This discrepancy is due in part to the fact that sanctions are a silent killer. They do not draw the same media attention as bombs, dead bodies, and images of cities and homes turned to rubble — as we are seeing in Gaza now. To be clear, the enormous destruction and loss of life at such a rapid pace in Gaza should be the headline of every news outlet. But while sanctions can profoundly damage an entire society, the slow death they produce often goes unnoticed.

Coauthored by a team of writers from different fields, including Narges Bajoghli, Vali Nasr, Djavad Salehi-Isfahani, and Ali Vaez, “How Sanctions Work” explores the case of sanctions on Iran and how their impact is akin to war. By bringing together scholars from different disciplines and backgrounds, the book delivers a comprehensive study that examines the ways sanctions influence a targeted state and its people. At the same time, the book examines the cost of sanctions on the US and the international community. 

This discrepancy is due in part to the fact that sanctions are a silent killer.

It tells the story of adversaries — the US and Iran — who were able to defy the hawkish attitudes within both their states, overcome differences and a history of mutual distrust, and come to a landmark agreement with the Iran nuclear deal.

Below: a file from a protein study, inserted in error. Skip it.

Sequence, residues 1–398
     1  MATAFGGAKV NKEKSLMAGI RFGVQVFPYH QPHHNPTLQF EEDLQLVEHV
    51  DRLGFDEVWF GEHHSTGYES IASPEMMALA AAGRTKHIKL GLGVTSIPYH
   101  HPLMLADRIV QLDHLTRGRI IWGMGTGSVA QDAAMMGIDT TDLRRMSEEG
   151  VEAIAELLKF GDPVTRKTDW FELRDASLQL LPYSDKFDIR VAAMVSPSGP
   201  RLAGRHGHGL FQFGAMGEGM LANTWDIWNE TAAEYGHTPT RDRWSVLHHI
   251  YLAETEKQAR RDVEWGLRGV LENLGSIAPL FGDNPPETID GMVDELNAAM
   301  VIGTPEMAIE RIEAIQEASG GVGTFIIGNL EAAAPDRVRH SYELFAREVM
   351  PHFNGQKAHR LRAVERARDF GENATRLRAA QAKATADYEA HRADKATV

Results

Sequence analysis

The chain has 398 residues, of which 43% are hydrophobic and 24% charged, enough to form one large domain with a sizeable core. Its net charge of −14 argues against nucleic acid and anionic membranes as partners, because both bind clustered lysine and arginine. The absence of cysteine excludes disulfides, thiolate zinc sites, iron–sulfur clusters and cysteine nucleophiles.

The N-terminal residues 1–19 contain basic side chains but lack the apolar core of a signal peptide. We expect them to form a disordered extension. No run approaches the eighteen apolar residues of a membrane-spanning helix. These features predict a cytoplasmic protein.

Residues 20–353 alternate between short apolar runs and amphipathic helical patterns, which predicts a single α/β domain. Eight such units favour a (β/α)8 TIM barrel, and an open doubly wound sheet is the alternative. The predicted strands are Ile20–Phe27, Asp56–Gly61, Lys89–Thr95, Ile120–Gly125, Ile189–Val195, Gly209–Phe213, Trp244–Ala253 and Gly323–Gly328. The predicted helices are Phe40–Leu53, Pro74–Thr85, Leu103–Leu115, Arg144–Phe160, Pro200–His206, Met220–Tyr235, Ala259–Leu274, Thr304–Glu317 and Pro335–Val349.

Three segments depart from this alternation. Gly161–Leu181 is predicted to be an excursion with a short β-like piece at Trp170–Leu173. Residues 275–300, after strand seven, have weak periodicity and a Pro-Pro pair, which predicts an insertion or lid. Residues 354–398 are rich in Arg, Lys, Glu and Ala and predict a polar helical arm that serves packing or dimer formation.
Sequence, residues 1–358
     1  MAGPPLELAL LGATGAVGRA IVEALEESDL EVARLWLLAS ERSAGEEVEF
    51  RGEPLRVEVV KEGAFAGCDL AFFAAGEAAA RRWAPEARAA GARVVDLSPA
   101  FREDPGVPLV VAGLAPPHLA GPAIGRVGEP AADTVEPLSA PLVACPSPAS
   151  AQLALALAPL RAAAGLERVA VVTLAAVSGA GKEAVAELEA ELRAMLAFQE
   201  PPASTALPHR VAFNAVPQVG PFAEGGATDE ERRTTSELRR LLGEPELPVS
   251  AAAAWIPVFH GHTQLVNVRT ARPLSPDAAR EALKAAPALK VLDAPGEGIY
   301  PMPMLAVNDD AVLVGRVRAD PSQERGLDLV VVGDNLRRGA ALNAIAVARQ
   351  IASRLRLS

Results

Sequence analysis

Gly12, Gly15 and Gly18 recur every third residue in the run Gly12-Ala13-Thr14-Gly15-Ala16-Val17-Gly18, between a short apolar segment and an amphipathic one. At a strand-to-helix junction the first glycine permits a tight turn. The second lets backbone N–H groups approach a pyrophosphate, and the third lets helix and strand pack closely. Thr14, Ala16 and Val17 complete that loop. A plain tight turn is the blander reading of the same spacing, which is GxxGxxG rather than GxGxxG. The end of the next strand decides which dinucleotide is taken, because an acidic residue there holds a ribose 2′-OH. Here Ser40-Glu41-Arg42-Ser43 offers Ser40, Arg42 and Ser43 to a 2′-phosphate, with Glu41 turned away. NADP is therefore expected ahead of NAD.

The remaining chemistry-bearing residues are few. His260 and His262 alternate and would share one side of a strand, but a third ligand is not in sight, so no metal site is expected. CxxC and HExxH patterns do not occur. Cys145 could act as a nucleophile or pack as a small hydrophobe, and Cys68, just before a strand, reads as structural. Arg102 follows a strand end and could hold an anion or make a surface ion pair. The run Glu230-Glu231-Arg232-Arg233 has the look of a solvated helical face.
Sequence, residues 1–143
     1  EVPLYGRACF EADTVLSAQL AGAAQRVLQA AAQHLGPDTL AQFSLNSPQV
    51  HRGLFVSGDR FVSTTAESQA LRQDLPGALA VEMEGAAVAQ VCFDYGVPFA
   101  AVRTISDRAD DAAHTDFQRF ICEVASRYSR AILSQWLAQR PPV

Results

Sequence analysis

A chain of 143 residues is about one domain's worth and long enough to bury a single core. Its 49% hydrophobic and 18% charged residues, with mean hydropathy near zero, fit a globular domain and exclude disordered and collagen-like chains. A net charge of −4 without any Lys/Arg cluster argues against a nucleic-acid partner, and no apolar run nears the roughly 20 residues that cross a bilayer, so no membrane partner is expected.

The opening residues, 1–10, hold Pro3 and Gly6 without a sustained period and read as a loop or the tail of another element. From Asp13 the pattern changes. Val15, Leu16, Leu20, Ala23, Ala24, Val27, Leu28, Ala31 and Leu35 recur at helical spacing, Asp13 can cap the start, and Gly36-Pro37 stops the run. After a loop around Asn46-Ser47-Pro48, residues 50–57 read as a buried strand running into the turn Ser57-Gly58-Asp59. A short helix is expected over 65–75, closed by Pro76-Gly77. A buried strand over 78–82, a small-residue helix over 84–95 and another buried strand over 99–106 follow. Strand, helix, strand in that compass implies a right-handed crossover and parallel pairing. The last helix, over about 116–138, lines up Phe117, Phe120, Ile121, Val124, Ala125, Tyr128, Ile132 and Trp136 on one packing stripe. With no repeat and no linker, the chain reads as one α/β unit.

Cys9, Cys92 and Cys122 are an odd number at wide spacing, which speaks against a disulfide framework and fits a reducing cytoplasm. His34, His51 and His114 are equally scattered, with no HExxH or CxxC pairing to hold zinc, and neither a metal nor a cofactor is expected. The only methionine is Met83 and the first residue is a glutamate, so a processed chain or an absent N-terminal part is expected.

It also probes how that deal was lost and buried under a mountain of sanctions without considering the outcomes carefully. In many ways, the book is a thought experiment that invites readers to look at the evidence and consider what we can learn from the mistakes of the past. Rather than dismissing the use of sanctions as a foreign policy tool entirely, the authors try to enlighten the reader in order to understand how to use these same tools in a way that can actually achieve our objectives and minimize harm to civilians.

Human Narratives